India’s Steady Recovery Thrown in Doubt by Spike in Virus Cases
(Bloomberg) -- India’s consumption demand and business activity looked steady in February, although chances of a strong recovery appeared doubtful after a sharp surge in virus cases and the increasing risk of renewed lockdowns.
The dial on a gauge measuring so-called animal spirits showed activity cruising at a steady pace for the fifth straight month, with all eight high-frequency indicators tracked by Bloomberg News holding their ground last month. The number was arrived at by using the three-month weighted average to smooth out volatility in the single-month scores.
The February reading reflects gains in the economy at a time when virus cases were on the wane. However, the recent weeks have seen the trend reverse, raising the specter of localized lockdowns that could hit consumer mobility and demand in an economy where consumption makes up some 60% of gross domestic product.
While central bank Governor Shaktikanta Das has said he doesn’t see any immediate threat to activity, economists see a bumpy road ahead given that the western Indian state of Maharashtra, which contributes 14.5% to the country’s overall GDP, is among the worst hit and accounts for the majority of cases. The state, which includes Mumbai, has imposed a night curfew to tamp down cases that have been rising since mid-February.
Activity in India’s dominant services sector expanded at its quickest pace in a year in February, helped by an increase in new orders and optimism generated by a roll-out of vaccines. The IHS Markit India Services Purchasing Managers’ Index rose to 55.3 last month from 52.8 in January, with a reading above 50 signaling expansion.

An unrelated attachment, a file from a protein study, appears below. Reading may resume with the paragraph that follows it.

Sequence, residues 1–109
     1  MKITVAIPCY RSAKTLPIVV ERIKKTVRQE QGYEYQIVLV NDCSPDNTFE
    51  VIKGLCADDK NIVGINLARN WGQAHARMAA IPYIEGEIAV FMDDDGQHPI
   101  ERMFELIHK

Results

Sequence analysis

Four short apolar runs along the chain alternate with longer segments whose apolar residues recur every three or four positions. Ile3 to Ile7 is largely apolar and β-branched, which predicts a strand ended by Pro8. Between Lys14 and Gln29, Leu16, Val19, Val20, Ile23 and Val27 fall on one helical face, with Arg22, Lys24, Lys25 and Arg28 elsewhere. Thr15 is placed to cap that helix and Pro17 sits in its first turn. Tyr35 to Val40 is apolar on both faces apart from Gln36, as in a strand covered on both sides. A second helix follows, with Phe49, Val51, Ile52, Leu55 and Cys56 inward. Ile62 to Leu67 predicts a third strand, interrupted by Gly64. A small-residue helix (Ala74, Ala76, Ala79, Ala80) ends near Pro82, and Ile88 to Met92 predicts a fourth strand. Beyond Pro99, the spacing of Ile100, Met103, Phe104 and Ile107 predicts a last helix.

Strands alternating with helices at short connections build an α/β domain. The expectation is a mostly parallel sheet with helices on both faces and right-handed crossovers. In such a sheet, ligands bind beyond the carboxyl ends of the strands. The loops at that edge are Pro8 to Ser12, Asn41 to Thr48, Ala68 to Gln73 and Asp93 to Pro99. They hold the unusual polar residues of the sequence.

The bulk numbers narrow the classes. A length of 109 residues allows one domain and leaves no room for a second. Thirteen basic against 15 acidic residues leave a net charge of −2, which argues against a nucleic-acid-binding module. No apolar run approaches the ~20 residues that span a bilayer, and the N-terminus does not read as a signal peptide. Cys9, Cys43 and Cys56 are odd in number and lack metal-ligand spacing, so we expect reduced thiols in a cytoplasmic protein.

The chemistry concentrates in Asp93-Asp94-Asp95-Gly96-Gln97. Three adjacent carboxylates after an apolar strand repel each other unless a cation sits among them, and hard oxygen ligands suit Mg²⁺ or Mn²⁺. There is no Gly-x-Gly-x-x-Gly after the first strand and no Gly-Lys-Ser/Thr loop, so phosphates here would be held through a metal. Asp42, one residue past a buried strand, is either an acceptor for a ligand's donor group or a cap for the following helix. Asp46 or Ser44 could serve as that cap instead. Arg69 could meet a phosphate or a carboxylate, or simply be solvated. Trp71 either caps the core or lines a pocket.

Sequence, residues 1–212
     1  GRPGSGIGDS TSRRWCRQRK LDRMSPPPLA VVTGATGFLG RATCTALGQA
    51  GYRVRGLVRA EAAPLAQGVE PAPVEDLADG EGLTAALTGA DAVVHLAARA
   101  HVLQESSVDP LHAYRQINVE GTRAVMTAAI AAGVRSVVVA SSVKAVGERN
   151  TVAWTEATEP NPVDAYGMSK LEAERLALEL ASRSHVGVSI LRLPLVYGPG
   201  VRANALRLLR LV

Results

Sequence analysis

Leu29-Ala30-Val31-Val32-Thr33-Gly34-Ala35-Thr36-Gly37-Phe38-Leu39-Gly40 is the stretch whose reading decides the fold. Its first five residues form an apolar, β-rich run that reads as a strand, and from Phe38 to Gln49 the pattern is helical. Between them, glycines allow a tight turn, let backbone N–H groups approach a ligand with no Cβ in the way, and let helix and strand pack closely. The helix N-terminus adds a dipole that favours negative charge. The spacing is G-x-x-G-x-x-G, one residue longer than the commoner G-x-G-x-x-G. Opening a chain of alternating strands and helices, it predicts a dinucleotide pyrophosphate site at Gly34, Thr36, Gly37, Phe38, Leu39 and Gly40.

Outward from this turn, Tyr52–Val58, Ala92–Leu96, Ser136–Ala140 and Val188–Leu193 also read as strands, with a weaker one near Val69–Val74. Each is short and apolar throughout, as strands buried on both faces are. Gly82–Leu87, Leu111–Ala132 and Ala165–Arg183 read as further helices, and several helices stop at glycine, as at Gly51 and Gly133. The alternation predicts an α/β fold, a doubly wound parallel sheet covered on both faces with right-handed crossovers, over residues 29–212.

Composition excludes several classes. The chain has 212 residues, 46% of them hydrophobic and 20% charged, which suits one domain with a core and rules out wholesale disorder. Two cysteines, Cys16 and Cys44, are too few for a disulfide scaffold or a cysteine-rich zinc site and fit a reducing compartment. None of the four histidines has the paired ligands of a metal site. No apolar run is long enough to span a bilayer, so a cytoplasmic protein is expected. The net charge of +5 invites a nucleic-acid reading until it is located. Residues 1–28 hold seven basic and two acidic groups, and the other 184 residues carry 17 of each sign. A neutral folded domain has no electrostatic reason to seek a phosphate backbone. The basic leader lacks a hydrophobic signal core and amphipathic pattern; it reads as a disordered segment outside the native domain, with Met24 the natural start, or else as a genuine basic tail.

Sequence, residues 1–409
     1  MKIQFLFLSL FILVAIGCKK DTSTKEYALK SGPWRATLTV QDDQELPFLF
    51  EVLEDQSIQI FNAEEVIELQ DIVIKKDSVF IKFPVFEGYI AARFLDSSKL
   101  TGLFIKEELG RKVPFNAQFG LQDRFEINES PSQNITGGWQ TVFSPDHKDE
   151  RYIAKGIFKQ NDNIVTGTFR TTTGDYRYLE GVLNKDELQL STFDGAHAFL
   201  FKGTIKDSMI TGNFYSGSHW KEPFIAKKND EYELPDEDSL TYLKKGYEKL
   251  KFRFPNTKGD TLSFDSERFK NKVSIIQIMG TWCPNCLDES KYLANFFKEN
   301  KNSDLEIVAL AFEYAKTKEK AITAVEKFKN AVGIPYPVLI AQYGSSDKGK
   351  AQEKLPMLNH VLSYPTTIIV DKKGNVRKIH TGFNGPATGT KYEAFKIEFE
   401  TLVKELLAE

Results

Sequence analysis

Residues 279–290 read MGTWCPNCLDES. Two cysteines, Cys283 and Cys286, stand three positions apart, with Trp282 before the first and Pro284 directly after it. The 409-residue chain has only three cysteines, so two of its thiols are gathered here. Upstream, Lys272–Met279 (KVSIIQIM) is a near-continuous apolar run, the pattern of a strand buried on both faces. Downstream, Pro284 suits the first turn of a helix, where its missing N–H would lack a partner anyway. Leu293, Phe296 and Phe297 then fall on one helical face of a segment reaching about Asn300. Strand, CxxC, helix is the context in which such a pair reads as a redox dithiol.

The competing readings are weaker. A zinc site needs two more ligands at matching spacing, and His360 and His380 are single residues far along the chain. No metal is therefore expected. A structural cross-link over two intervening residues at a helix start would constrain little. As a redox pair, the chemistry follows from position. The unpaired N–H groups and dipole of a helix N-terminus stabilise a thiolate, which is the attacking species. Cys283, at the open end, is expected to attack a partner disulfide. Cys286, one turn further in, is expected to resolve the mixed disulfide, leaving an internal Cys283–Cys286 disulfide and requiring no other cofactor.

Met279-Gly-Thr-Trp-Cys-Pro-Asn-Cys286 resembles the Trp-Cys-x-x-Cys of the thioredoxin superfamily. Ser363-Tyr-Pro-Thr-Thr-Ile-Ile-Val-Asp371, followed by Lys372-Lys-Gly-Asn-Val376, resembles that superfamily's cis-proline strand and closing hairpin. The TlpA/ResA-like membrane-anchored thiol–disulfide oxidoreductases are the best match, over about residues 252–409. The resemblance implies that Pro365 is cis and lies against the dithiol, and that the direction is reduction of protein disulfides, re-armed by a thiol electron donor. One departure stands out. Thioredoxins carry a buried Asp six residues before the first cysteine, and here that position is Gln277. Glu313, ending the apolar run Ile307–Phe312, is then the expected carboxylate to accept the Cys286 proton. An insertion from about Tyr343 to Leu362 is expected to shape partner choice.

A similar survey earlier showed activity in the manufacturing sector also expanded, helping lift the composite index to a four-month high of 57.3 last month. As a result, input price inflation quickened, pushing the aggregate rate of cost inflation to an 88-month high -- a wrinkle for the nation’s inflation-targeting monetary policy makers who meet early next month to decide on interest rates.
Exports were up 0.7% year-on-year last month, slower than the 6.2% rise seen in January. More importantly, imports rose 7% as non-oil and non-gold imports saw robust growth, mirroring domestic demand.
Passenger vehicle sales, a key indicator of demand, rose nearly 18% in February from a year ago, with two-wheelers and tractor sales leading the pack.
Demand for loans picked up. Bank credit grew around 6.6% in February from a year earlier, faster than the 5.9% rise seen in late January, central bank data showed. Liquidity conditions were little changed. Bloomberg Economics’ Abhishek Gupta said a pullback in surplus liquidity, as well as rising yields, pose a risk to loan demand.
Industrial production contracted 1.6% in January from a year earlier. Consumer non-durables, comprising essential goods, contracted 6.8% in January, while demand for white goods and mobile phones shrank 0.2%.
Output at infrastructure industries, which makes up 40% of the industrial production index, rose 0.1% in January from a year ago, after a 1.3% contraction in December. Both data are published with a one-month lag.
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